Ohio State University administrators equip computer labs with Office 365 to cut costs and leverage the cloud’s agility.

Feb 15 2019

Microsoft Office 365 Delivers a Unified Experience for Ohio State University

IT leaders share their experiences, tips and best practices on how to successfully move email to the cloud.

When Ohio State University needed to replace its aging, in-house email software and infrastructure, the Office of the CIO modernized email for its employees by subscribing to Microsoft’s Office 365 cloud service.

To prepare for the move, the infrastructure team collaborated with the Exchange, ID management and security teams and met with individual colleges and administrative departments. The Office of the CIO kicked off the project in February 2017 and successfully completed it 21 months later in November 2018. 

In an interview with EdTech Magazine, Senior Director of Infrastructure Bob Corbin and Senior Solutions Architect Brant Thomas discuss their implementation strategies, the benefits of cloud email and the lessons they learned. 

MORE FROM EDTECH: See how universities use Microsoft AI to increase student engagement.

Photo: LinkedIn

Bob Corbin, Senior Director of Infrastructure, Ohio State University

EDTECH: Why did you migrate email to Office 365?

CORBIN: In early 2017, Exchange 2010 was coming to the end of life, and our servers and storage area network underpinning the environment were coming up to the end of support. We were at a crossroads: Do we refresh servers and storage on-premises? Or do we leverage Office 365? We decided to move to the cloud instead of upgrading 50 to 60 servers and almost 500 terabytes of storage. Financials absolutely went into this. It was a significant cost savings. 

What drove us too was the entire Office 365 play. We wanted to take our faculty and staff further into the cloud. It allows us to be more agile and leverage Microsoft in a broader way, versus us trying to maintain systems ourselves and keep up with what’s current. 

EDTECH: How did you ensure a successful implementation?

THOMAS: We had a great project manager who could relate to both IT and users and knew what needed to be done from testing to production: laying out a plan of attack and making adjustments as needed.

We implement changes in the Office of the CIO first, so if there are any pain points, we feel them first. So our office was the first one to move. We gathered a lot of great information and adjusted project plans from that.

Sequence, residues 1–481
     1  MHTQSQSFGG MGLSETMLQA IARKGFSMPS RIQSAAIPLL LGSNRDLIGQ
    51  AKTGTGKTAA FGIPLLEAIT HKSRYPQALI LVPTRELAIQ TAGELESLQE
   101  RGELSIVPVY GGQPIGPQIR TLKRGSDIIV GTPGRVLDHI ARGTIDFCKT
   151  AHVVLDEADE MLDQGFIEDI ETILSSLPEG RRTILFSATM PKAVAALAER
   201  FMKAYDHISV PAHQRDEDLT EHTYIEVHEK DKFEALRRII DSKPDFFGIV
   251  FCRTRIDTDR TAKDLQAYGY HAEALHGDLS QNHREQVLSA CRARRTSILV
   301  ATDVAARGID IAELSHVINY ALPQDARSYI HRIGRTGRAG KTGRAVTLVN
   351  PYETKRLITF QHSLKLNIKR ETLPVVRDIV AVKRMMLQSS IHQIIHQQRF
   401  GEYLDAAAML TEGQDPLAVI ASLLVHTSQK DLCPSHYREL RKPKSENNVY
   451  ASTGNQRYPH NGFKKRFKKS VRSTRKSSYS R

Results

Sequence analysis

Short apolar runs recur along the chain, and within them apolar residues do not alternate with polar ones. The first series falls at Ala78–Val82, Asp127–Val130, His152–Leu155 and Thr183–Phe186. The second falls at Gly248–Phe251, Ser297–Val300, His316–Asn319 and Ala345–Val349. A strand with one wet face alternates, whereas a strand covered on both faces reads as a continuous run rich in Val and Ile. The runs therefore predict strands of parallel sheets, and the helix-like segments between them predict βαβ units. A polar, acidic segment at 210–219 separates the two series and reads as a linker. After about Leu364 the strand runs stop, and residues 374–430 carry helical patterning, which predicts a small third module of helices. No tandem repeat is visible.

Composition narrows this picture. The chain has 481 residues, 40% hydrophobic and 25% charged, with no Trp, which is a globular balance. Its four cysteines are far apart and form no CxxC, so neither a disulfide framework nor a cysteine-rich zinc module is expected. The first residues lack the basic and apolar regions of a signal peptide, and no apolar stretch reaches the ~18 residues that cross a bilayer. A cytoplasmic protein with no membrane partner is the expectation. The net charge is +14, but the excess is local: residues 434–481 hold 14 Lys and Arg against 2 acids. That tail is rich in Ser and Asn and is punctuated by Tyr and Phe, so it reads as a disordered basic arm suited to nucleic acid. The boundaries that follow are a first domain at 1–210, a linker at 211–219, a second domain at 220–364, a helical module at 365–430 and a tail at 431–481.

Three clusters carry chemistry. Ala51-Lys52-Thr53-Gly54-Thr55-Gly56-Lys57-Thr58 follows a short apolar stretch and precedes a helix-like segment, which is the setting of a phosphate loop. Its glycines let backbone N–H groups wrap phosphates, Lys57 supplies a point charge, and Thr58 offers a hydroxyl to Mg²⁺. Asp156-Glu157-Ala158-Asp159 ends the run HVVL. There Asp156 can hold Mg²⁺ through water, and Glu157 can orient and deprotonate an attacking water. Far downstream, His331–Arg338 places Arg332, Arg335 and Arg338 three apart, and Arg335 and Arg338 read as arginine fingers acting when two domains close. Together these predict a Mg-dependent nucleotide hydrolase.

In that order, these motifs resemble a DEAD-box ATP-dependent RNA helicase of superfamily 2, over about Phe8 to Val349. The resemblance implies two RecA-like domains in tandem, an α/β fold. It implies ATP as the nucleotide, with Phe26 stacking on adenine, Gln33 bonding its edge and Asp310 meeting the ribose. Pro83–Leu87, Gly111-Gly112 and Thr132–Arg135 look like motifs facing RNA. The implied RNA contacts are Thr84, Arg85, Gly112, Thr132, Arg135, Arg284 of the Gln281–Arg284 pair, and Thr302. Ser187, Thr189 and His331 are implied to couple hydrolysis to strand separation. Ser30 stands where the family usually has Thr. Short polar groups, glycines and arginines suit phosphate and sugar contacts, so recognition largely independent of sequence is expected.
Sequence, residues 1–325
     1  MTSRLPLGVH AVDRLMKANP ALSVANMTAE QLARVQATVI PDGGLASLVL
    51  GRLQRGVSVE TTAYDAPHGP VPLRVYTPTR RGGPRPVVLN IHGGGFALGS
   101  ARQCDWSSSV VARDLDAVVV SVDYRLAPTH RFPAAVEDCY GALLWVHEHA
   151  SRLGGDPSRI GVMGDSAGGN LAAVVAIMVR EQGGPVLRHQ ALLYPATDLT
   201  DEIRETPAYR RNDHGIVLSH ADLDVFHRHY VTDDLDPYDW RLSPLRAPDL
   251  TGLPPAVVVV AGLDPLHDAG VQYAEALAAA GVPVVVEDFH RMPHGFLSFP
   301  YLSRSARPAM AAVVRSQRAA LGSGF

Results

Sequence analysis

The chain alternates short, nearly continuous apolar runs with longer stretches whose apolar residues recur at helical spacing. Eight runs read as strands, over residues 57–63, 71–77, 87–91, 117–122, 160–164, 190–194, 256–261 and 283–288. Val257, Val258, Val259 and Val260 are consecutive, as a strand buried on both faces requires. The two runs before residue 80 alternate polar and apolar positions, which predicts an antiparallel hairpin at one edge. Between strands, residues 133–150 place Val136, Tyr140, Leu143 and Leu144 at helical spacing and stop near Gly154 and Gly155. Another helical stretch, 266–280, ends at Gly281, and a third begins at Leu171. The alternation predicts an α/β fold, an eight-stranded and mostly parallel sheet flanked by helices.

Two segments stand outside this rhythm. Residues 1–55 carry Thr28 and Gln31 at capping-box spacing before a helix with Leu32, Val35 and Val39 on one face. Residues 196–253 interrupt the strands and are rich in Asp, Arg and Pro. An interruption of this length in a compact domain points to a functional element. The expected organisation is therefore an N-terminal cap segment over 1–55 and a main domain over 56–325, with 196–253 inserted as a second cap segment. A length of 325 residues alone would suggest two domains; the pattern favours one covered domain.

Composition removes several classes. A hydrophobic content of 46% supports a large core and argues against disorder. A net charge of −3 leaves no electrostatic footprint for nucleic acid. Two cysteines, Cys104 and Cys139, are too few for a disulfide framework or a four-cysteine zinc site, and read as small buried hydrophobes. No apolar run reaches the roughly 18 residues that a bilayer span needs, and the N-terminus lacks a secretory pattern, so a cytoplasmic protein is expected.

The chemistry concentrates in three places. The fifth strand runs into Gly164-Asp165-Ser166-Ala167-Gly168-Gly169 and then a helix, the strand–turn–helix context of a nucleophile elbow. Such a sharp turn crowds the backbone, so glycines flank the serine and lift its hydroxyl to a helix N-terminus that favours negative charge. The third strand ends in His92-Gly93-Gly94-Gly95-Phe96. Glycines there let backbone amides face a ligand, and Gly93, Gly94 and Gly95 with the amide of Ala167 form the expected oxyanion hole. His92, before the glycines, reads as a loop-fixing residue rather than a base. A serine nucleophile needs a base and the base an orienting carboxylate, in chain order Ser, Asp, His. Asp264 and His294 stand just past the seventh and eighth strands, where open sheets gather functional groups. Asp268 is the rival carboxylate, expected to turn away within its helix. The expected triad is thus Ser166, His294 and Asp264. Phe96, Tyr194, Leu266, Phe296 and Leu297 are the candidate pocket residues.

We also went to individual departments and colleges and held informal meetings to explain what was going on and why we were doing it. We told them some email clients they used were so old that they would not play well in the cloud, and we needed to start addressing it. 

MORE FROM EDTECH: Check out the five OneNote tips every educator should know.

EDTECH: What other benefits are you deriving from cloud-based email?

THOMAS: We’ve had students on Office 365 for a long time. We use other Office 365 products already with our employees, so moving to Exchange Online ties everything together. It gives users a unified look

The other benefit is changing from Exchange Server 2010 to the new version of Exchange Online services. We used to get complaints about how ugly the old clients were for Exchange 2010. People like how much nicer the newer one is. It’s a fresher look, much more user-friendly.

When Microsoft offers new features on Office 365, users don’t have to wait for us to install an upgrade on-premises. People get the new benefits and services immediately, because it’s taken care of in the background.

Also, there’s no more management of hardware or operating systems. We don’t have to worry about the back end. We don’t have to patch them or see why one server crashed. That’s all taken care of.

EDTECH: How important was testing?

THOMAS: Very important. We did a couple of months of testing on everything we could think of, moving people and groups over and testing scripts. It was important to go through all the scenarios.

We also believe the lessons learned from testing never stops. Every time we moved users from a different college, we found something that didn’t come up before, which we then tested before we did the next move. 

MORE FROM EDTECH: Read about how Microsoft AI transcription services are making university classes more accessible.

EDTECH: Are there other best practices you can share to ensure a smooth transition?

CORBIN: Expect some migrations to take longer than expected or consume more cloud computing resources than anticipated. Keep your vendor engaged before, during and after migration to assist with bottlenecks. 

Second, always budget to migrate more mailboxes to the cloud than originally expected. User mailboxes represent some, but not all, mailboxes. In the beginning, we believed we had 130,000 user accounts. We realized at the end that we had migrated more than 170,000 user accounts. Faculty, staff and student employees and some guests accounted for 50,000 accounts.

The remaining ones included shared mailboxes and resources. If you want to schedule a room or reserve a vehicle, we call those resources inside the email system. So, don’t underestimate the volume of resource mailboxes that exist. 

Next, always keep your help desk team informed of daily migration plans, issues from prior migrations and other knowledge to assist customers. Make sure all of your knowledge base articles are updated and easily accessible to users and help desk personnel. Set your help desk up for success early in the process and have members engaged on the project team. Finally, communicate with all users and departmental IT support teams.

Joshua Howey/The Ohio State University

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